In YA, we often see protagonists who take on so much more than they should be expected to take on for their age – they lead rebellions, plan heists, save the world. And because they’re young and inexperienced, they make mistakes with sometimes catastrophic results.

For Aziza, witchcraft is a huge part of her identity and how she finds meaning in her life. Being a hedgewitch in the context of this book’s world means she has the ability – and, in her view, the responsibility – to be this line of defense between her hometown and dangerous magical forces, and she desperately wants to live up to that. But she’s self-taught, and has no real teacher and no community. Something Aziza struggles with is the realization that her witchcraft has been “good enough” so far, but it’s no match for an enemy that’s so much older, so much more powerful, and has a level of skill and cunning that Aziza lacks.

That’s a story I find compelling – someone who’s not good enough, but wants to be. 

How did making your protagonist a Lebanese American impact her relationship with the world around her, particularly being tasked with protecting a community as the child of immigrants?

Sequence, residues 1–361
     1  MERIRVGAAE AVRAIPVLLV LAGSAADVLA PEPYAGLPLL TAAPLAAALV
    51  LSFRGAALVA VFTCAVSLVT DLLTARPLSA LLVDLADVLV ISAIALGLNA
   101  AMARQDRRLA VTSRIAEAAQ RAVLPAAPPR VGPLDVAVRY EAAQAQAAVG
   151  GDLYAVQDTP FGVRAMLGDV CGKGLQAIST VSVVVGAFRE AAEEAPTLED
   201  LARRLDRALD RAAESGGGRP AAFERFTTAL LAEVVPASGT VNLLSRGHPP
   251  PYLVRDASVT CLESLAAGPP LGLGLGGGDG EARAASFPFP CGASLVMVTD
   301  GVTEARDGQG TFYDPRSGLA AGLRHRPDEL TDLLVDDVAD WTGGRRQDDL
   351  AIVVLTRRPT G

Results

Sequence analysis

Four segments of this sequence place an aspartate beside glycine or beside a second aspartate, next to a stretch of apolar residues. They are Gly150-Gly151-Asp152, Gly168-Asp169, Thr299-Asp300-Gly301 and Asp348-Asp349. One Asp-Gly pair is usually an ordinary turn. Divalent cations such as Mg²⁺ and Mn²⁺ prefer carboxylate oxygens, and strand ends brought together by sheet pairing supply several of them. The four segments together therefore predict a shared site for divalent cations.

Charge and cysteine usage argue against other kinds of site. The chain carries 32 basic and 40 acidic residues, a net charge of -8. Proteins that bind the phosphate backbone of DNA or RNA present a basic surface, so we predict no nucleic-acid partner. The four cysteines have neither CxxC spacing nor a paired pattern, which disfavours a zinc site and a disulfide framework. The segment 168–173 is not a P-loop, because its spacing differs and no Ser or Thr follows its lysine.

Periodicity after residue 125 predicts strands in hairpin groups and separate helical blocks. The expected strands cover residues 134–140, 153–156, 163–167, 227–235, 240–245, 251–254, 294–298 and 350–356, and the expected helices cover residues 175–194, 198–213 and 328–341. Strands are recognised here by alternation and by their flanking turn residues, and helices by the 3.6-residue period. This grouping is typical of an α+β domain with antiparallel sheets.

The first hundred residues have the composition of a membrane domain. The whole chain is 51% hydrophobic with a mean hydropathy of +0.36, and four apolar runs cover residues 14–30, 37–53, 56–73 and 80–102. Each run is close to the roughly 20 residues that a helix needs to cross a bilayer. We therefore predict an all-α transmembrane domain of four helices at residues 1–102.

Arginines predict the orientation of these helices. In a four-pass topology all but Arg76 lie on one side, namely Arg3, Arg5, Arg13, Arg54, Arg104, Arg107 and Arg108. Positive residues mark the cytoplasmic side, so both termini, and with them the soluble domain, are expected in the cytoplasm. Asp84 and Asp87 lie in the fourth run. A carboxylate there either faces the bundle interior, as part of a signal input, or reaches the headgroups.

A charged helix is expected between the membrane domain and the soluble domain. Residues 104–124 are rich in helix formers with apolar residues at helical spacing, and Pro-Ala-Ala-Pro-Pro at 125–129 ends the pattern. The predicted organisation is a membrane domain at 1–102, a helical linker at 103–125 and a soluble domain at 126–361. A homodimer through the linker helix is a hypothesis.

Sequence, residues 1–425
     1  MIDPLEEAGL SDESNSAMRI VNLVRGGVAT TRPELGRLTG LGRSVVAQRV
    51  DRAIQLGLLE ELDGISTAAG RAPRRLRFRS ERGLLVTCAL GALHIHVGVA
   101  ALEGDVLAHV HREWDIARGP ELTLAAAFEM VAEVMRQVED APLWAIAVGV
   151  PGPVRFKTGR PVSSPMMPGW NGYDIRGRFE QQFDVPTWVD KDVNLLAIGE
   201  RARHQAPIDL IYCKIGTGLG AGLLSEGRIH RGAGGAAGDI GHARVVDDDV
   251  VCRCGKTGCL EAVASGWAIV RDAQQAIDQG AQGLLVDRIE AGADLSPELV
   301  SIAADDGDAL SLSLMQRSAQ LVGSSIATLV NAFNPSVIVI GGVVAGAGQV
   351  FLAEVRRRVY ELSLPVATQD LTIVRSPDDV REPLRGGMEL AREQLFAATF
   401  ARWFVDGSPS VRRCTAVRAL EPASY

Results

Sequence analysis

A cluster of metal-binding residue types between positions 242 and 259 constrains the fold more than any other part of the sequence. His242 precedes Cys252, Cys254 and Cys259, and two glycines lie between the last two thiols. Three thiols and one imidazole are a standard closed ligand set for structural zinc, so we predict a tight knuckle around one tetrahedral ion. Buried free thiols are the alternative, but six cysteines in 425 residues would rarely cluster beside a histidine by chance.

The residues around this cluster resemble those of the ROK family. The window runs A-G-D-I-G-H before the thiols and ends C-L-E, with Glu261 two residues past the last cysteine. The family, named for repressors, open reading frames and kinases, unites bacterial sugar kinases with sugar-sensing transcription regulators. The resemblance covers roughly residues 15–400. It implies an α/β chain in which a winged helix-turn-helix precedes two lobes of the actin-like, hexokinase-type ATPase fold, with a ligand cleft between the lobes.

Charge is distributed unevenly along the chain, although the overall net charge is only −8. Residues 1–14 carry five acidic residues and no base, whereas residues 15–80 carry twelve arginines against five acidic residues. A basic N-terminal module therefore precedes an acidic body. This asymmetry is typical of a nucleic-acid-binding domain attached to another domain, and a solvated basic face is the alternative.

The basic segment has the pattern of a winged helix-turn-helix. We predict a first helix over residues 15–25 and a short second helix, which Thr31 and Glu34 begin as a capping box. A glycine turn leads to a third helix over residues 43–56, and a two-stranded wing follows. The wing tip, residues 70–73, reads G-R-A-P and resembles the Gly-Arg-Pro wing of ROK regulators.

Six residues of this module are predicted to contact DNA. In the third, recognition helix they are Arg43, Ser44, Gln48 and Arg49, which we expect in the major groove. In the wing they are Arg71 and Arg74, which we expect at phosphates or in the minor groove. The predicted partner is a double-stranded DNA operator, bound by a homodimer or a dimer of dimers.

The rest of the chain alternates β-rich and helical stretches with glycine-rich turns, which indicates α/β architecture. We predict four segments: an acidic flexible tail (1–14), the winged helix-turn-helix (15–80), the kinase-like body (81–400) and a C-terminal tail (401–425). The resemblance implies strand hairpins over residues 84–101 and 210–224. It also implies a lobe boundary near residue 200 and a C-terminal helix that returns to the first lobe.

Aziza feels disconnected from her heritage. She was born in Massachusetts and has never been to Lebanon; her parents are dead; and her grandfather, who raised her, doesn’t really talk about the past, because it’s too painful for him. So much of why she places such importance on her role as a hedgewitch is because it’s how she creates a sense of home and belonging. She doesn’t feel like she has “roots” anywhere. But she belongs in Blackthorn, not just because she happened to grow up there, but because she’s chosen it for herself through her actions.